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David Mathieu, Mathieu Beaudry, René Martin, Hans McLelland, Bruno Robert and Brendan Kenny

Object. The authors conducted a double-blind prospective randomized study to determine whether infiltration of Mayfield skull-pin sites with 0.5% bupivacaine, compared with placebo, would prevent hemodynamic stimulation, thus allowing for a reduction in the quantity of anesthetic agents required.

Methods. Thirty patients were randomized into two groups. There was a significant increase in blood pressure (mean systolic blood pressure 10 mm Hg, p = 0.003) in patients in the placebo group compared with that in patients in the bupivacaine group 1 minute after securing the head holder.

Conclusions. The local administration of bupivacaine for anesthetic purposes before skull-pin application may prevent potentially hazardous hemodynamic stimulation.

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Nicolas Dea, Martin Borduas, Brendan Kenny, David Fortin and David Mathieu

Object

Brain metastases are the most frequently occurring cerebral tumors. Tumors that are located in eloquent cerebral parenchyma can cause considerable morbidity and may pose a significant challenge during surgery. Gamma Knife surgery (GKS) is a recognized treatment modality for brain metastases. This study was undertaken to assess the safety and efficacy of GKS, specifically for brain metastases in eloquent locations.

Methods

Charts of patients harboring brain metastases that were treated by GKS at the Centre Hospitalier Universitaire de Sherbrooke between August 2004 and April 2008 were reviewed. Planning images were assessed by an independent neurosurgeon to assess tumor location. Eloquent locations included the primary motor, somatosensory, speech, and visual cortices; the basal ganglia; the thalamus; and the brainstem. Data on survival, tumor response, and complications were analyzed and compared with data published on surgical treatment of these lesions.

Results

During the study period, 650 metastases in 295 patients were treated with GKS; of these, 164 metastases in 95 patients were located in eloquent areas. In this subgroup, the median age of patients was 59 years and women constituted 57.9% of the population. The median Karnofsky Performance Scale score was 80% (range 50%–100%). Patients were categorized according to their recursive partitioning analysis class: Class 1, 22.1%; Class 2, 70.5%; and Class 3, 7.4% of patients. Non–small cell lung cancer was the most common primary tumor (63.2% of metastases), followed by small cell lung (8.4%), breast (7.4%), colorectal (5.3%), and renal cell (4.2%) cancers, as well as melanoma (4.2%). The median dose to the tumor margin was 18 Gy (range 14–24 Gy). The median duration of survival after GKS was 8.2 months. The recursive partitioning analysis class was the most significant variable affecting survival (p < 0.0001). Immediate control was achieved in 92.9% of tumors, and 68.6% of tumors were still controlled at the last follow-up. The median time to tumor progression was 16 months. Higher margin dose (p = 0.002), the absence of edema (p = 0.009), and the non–small cell lung cancer tissue type (p = 0.035) positively affected response rates. Steroid medications were no longer used in 46% of patients after GKS. New neurological deficits occurred in 5.7% of patients and seizures in 5.7%. All these deficits were transient and patients completely recovered in response to a temporary course of steroids. Imaging studies showed that new edema occurred in 8.6% of treated metastases and biopsy-proven radiation necrosis in 1.4%.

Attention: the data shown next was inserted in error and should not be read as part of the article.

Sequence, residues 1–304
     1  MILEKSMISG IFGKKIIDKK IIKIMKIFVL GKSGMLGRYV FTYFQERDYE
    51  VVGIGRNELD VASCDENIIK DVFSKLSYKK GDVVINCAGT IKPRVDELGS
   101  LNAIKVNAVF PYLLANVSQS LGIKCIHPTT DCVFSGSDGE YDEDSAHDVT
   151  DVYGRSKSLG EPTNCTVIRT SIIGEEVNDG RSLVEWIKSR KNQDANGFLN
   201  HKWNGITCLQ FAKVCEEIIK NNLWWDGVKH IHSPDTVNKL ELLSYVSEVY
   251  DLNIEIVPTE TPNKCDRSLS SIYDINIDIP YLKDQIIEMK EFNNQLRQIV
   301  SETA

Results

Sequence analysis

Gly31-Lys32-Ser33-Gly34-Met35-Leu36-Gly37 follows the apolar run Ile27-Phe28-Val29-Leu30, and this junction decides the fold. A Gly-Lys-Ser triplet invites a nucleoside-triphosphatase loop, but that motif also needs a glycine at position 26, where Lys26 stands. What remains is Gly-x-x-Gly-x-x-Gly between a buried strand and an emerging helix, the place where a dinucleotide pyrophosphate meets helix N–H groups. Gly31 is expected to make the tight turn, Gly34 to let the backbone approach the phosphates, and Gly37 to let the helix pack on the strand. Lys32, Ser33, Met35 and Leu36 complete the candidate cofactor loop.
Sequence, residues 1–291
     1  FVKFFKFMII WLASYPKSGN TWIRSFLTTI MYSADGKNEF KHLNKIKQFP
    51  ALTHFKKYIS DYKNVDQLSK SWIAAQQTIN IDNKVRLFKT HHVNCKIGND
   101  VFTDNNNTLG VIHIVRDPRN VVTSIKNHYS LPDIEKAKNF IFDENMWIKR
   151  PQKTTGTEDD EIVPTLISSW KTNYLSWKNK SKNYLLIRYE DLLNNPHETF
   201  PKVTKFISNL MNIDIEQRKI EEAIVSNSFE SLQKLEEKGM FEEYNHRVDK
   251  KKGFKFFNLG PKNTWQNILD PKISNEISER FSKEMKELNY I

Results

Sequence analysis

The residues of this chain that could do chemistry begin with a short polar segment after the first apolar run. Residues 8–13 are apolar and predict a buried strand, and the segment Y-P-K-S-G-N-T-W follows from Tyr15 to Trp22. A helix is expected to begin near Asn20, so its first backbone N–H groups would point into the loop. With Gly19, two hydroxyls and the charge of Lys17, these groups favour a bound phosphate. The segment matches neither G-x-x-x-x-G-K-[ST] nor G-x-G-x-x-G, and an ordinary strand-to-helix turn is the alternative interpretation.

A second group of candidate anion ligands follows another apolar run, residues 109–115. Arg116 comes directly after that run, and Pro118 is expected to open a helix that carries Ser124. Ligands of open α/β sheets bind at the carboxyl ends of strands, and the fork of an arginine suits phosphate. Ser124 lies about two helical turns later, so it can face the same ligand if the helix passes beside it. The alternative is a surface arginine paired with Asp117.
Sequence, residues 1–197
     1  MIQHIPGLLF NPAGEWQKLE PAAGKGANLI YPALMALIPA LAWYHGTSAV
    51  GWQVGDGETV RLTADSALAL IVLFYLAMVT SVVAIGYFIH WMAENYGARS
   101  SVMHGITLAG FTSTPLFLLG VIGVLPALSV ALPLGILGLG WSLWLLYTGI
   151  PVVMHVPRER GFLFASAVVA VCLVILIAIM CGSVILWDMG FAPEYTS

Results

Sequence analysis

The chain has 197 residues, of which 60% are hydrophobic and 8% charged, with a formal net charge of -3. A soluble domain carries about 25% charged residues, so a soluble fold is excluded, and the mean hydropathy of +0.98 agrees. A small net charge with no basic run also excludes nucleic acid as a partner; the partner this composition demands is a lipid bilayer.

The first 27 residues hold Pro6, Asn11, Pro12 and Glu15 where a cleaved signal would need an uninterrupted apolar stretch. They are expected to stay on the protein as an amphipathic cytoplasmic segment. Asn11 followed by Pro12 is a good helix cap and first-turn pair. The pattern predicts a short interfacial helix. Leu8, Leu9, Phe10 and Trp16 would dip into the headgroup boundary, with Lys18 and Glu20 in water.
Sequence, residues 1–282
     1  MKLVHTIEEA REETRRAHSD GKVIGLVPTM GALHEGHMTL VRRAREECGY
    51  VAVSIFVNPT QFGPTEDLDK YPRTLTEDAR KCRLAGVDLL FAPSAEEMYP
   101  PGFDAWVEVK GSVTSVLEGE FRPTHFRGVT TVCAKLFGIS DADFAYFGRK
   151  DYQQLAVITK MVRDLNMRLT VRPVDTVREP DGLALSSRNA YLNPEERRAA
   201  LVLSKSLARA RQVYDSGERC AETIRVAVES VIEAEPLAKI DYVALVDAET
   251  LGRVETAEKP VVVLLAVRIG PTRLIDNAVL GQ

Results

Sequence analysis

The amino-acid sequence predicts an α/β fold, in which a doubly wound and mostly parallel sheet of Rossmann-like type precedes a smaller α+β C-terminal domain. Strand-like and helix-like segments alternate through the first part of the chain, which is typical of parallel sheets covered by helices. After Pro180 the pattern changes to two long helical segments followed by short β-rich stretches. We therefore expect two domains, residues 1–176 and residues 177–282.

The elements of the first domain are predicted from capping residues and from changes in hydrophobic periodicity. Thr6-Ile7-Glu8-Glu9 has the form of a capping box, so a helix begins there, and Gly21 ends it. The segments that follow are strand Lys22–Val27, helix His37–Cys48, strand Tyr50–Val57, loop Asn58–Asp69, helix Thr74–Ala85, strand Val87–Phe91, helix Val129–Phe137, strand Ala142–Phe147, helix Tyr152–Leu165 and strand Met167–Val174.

Conclusions

Gamma Knife surgery is safe and effective for brain metastases located in eloquent areas.

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Azad Sait, Nadipi Reddy Prabhav, Vijay Sekharappa, Reshma Rajan, N. Arunai Nambi Raj and Kenny Samuel David

OBJECTIVE

There has been a transition from long- to short-segment instrumentation for unstable burst fractures to preserve motion segments. Circumferential fixation allows a stable short-segment construct, but the associated morbidity and complications are high. Posterior short-segment fixation spanning one level above and below the fractured vertebra has led to clinical failures. Augmentation of this method by including the fractured level in the posterior instrumentation has given promising clinical results. The purpose of this study is to compare the biomechanical stability of short-segment posterior fixation including the fractured level (SSPI) to circumferential fixation in thoracolumbar burst fractures.

METHODS

An unstable burst fracture was created in 10 fresh-frozen bovine thoracolumbar spine specimens, which were grouped into a Group A and a Group B. Group A specimens were instrumented with SSPI and Group B with circumferential fixation. Biomechanical characteristics including range of motion (ROM) and load-displacement curves were recorded for the intact and instrumented specimens using Universal Testing Device and stereophotogrammetry.